I’ve been craving strawberries in the worst way lately. Late March, the trees are budding, and the supermarket is full of asparagus, spring onions, rhubarb, and strawberries. Not that any of that really grows in Massachusetts yet. I finally gave in and bought a quart of giant, not so flavorful, strawberries from California for a “pretend it’s spring” dessert. My strategy for making winter fruit taste more like itself (and less like watery cardboard) is to use a little jam. A smear of strawberry jam under the fruit lends a little intensity and sweetness to these galettes. A galette is simply a rustic free-form tart. I love making galettes at home because you don’t need any special equipment – just a rolling pin and a pan. This recipe is adapted from Tartine, by by Elizabeth Prueitt and Chad Robertson.
Some Notes on Making Flakey Pastry: The only tricks to making flakey pastry dough are 1. Don’t overwork the dough – leave the butter in pea size chunks. You want visible pieces of butter in the final product. See the photo below. 2. Keep everything very cold – this just makes it easier to avoid melting the butter completely into the dough. Those big pieces of butter are what gives the dough its flake. The cold butter pieces melt when they hit the heat from the oven, and the water in them turns to steam which pushes against the dough to make little pockets and give the dough its texture.
Some people swear by shortening or lard to make flakey pie dough. I grew up eating pastry made with lard, and it’s definitely flakey, but I just prefer the flavor of butter. A lard dough is nice as a topping for chicken pot pie or another savory stew, but for sweet pies, tarts, and galettes, I always use butter. I avoid shortening because it’s made with hydrogenated oils and, besides not being so good for you, it’s not so tasty.
For the Flakey Pastry
3 cups/ 454g all purpose flour
1 tsp salt
1 tbsp sugar
2/3 cup/ 150g very cold water
1 cup + 5 tbsp/300g unsalted butter (cold and cubed)
Place the flour, salt, and sugar in a large mixing bowl. Roughly cut in the butter using a pastry cutter or two knives. You want the mixture to be crumbly with visible pieces of large butter showing. Alternatively, place the flour, salt, sugar, and butter in the bowl of a stand mixer and, using the paddle attachment, mix until the butter is broken and the mixture looks crumbly with large pieces of butter still visible. Slowly drizzle the water into the flour mixture. Mix until the dough comes together in a shaggy ball. You may not need all the water*, so go slow. Dump out the dough on the counter and form it into two rounds. Wrap in plastic and refrigerate 1 hour.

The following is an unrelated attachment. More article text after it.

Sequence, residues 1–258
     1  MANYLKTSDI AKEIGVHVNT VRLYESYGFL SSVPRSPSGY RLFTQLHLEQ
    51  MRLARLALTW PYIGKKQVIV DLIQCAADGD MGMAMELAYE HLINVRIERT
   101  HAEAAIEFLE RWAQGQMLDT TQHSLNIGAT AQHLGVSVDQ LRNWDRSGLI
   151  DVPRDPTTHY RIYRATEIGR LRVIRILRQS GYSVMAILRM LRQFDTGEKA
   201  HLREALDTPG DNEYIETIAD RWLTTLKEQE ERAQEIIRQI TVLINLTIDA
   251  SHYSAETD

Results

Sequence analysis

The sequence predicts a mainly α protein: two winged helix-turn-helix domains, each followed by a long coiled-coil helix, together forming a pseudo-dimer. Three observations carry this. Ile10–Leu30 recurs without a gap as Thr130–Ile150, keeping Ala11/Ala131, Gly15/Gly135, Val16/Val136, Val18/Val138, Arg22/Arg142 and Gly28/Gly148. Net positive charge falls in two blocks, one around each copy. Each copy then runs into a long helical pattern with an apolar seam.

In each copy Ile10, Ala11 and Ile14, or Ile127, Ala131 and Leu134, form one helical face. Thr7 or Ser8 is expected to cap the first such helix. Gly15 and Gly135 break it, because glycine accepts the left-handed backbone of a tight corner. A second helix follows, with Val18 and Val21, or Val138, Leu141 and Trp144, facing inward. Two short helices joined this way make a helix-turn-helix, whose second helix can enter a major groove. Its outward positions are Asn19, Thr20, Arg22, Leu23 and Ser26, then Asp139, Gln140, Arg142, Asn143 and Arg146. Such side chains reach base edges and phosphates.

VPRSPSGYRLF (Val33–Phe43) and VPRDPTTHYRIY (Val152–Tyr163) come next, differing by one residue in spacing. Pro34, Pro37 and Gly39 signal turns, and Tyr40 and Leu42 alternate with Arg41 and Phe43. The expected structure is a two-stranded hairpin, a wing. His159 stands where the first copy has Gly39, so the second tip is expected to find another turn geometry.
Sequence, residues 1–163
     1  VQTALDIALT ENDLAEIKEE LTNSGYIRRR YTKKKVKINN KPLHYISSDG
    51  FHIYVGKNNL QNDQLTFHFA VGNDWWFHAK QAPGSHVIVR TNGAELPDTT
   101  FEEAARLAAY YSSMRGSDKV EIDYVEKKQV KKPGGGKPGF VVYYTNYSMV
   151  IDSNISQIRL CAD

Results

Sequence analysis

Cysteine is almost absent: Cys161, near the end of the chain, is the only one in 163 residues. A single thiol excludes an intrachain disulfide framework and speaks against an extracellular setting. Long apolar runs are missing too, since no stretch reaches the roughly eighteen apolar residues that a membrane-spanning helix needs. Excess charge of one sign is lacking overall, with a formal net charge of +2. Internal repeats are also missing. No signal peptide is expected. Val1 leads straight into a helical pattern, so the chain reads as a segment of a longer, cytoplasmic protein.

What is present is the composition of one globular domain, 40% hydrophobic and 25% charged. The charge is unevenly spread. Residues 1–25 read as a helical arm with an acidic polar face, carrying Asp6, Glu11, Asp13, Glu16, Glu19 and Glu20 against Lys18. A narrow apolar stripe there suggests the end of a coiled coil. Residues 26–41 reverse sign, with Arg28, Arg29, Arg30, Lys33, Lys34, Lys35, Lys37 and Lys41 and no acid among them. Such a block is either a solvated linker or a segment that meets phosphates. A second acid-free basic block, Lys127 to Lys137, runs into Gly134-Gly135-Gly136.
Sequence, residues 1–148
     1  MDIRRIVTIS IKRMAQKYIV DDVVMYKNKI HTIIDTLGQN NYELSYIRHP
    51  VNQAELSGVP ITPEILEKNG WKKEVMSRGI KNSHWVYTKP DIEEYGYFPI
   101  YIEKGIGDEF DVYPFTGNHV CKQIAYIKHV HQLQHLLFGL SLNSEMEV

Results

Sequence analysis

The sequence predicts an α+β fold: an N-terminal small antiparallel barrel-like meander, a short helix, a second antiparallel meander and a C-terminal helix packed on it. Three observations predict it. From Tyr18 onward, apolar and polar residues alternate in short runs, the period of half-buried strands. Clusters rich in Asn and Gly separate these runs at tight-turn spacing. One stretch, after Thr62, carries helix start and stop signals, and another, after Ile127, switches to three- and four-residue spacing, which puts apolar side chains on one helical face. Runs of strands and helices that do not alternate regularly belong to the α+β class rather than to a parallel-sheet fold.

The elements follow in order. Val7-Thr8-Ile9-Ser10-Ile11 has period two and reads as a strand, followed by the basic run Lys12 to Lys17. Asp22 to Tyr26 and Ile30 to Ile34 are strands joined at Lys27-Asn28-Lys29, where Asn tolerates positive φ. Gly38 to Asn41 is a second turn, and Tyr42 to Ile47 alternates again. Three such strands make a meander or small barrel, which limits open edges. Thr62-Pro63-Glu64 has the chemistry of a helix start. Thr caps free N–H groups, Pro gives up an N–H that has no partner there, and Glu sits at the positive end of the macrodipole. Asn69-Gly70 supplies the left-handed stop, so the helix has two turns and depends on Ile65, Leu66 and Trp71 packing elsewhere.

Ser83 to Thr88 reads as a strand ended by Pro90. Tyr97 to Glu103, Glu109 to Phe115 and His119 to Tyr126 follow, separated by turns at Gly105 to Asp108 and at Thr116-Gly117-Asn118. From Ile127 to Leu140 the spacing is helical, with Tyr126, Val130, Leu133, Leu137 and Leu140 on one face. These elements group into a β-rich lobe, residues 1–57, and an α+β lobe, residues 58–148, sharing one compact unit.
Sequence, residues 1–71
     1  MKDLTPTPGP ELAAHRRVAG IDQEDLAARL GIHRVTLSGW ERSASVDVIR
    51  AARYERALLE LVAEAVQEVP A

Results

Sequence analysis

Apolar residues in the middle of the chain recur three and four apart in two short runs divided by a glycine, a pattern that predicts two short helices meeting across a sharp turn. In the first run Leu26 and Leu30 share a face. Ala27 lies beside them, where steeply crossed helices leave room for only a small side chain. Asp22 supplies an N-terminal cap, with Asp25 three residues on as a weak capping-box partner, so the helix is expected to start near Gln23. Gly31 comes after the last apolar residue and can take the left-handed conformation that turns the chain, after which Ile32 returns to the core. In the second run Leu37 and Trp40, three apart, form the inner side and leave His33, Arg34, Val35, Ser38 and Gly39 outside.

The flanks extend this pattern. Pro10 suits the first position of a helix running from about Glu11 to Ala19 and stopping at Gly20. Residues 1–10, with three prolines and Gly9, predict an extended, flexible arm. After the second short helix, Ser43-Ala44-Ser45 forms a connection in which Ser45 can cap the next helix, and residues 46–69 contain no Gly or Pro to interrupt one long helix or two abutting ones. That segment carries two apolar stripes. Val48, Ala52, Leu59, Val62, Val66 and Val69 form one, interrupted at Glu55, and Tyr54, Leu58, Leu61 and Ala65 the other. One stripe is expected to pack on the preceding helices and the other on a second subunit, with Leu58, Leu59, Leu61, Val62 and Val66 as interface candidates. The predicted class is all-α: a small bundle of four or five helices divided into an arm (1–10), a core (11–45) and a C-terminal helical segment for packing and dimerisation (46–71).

*Some fun facts: Flour loses it’s moisture as it ages, so depending on how long your flour’s been sitting in your pantry or on your grocer’s shelf, it will absorb more or less water. Also, the more the butter is worked into the flour, the less water the flour will absorb because the butter coats the flour and prevents it from absorbing water.
For the Filling and Assembly
2 quarts strawberries, hulled, washed, and roughly chopped (or another fruit of your choice)
1/2 cup good quality strawberry jam (or another kind)
sugar to taste
1 egg, beaten with a little water to make a wash
You can easily substitute any fruit for the strawberries. Stone fruits like peaches and plums can be used raw as well as any kind of berry, but I like to sautee apples an pears briefly first with a little butter and brown sugar. If it’s summer and fruit is flavorful, omit the jam. The Tartine book suggests sweetening each galette to taste, which makes a lot of sense given the difference in sweetness from one fruit and one season to another. So, taste your fruit and adjust the amount of sugar depending.
Preheat your oven to 350 degrees. Remove one ball of dough from the fridge. If you’re making small galettes, divide the dough into 4 pices and shape each into a disk. Working on a floured surface, roll each disk into a rough circle and place on a sheetpan lined with parchment paper. Smear 1 tbsp jam in the center of each piece of dough and mound about 2/3 cup strawberries on top of the jam. Fold the sides of the dough around the strawberries and pinch at each corner. Repeat with the remaining dough (to make another 4 small galettes.)
To make 2 larger galettes, simply form each ball of dough into one disc and, again on a floured surface, roll into a rough circle. Place on a sheet pan lines with parchment paper. Smear 1/4 cup jam onto the center of the dough and mound half the strawberries on top of the jam. Fold the sides of the dough around the berries and pinch each of the corners.
Chill the galettes until ready to bake or wrap well and freeze for up to 1 week.
Just before baking, brush the dough with the egg wash and sprinkle each galette with a little sugar (I did about 1-1 1/2 tsp for my winter berries.)
Bake for 40-50 min for the small and 45-60 minutes for the large. Add 10 min to the time if you’re baking from frozen. The galettes should be golden brown and bubbling. To make sure the bottoms are brown, gently lift one of the galettes with an offset spatula or butter knife and peek underneath.